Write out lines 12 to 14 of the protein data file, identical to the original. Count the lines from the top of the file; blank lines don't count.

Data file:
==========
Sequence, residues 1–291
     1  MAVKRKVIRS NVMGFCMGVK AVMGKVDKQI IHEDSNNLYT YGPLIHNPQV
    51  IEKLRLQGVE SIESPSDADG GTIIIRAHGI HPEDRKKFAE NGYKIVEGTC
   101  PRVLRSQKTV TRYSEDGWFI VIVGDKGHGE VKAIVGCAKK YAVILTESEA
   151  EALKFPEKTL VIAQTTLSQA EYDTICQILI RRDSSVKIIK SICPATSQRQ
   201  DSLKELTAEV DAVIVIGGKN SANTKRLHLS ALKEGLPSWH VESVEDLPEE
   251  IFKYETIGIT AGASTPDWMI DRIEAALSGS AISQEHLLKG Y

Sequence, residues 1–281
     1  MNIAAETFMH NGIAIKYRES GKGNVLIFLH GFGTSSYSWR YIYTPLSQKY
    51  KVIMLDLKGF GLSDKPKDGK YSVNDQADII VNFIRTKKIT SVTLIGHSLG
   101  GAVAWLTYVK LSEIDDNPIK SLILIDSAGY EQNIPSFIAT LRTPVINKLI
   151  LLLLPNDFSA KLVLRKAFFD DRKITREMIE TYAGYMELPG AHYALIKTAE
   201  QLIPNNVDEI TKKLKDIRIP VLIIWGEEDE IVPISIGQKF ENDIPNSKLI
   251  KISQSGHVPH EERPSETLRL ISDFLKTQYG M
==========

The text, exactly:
   151  LLLLPNDFSA KLVLRKAFFD DRKITREMIE TYAGYMELPG AHYALIKTAE
   201  QLIPNNVDEI TKKLKDIRIP VLIIWGEEDE IVPISIGQKF ENDIPNSKLI
   251  KISQSGHVPH EERPSETLRL ISDFLKTQYG M